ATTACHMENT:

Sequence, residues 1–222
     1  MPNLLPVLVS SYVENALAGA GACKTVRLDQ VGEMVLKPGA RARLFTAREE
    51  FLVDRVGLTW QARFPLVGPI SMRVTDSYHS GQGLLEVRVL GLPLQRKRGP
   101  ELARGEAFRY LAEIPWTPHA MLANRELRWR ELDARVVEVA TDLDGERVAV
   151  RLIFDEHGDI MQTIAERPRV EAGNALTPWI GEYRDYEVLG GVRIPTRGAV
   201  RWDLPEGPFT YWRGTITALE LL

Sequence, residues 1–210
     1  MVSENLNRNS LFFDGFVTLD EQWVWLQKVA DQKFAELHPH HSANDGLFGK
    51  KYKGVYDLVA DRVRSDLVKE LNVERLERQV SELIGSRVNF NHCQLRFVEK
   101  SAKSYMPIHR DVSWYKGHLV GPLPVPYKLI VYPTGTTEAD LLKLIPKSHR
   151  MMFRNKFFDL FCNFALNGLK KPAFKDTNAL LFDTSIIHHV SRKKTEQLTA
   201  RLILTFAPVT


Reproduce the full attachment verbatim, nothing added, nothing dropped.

Sequence, residues 1–222
     1  MPNLLPVLVS SYVENALAGA GACKTVRLDQ VGEMVLKPGA RARLFTAREE
    51  FLVDRVGLTW QARFPLVGPI SMRVTDSYHS GQGLLEVRVL GLPLQRKRGP
   101  ELARGEAFRY LAEIPWTPHA MLANRELRWR ELDARVVEVA TDLDGERVAV
   151  RLIFDEHGDI MQTIAERPRV EAGNALTPWI GEYRDYEVLG GVRIPTRGAV
   201  RWDLPEGPFT YWRGTITALE LL

Sequence, residues 1–210
     1  MVSENLNRNS LFFDGFVTLD EQWVWLQKVA DQKFAELHPH HSANDGLFGK
    51  KYKGVYDLVA DRVRSDLVKE LNVERLERQV SELIGSRVNF NHCQLRFVEK
   101  SAKSYMPIHR DVSWYKGHLV GPLPVPYKLI VYPTGTTEAD LLKLIPKSHR
   151  MMFRNKFFDL FCNFALNGLK KPAFKDTNAL LFDTSIIHHV SRKKTEQLTA
   201  RLILTFAPVT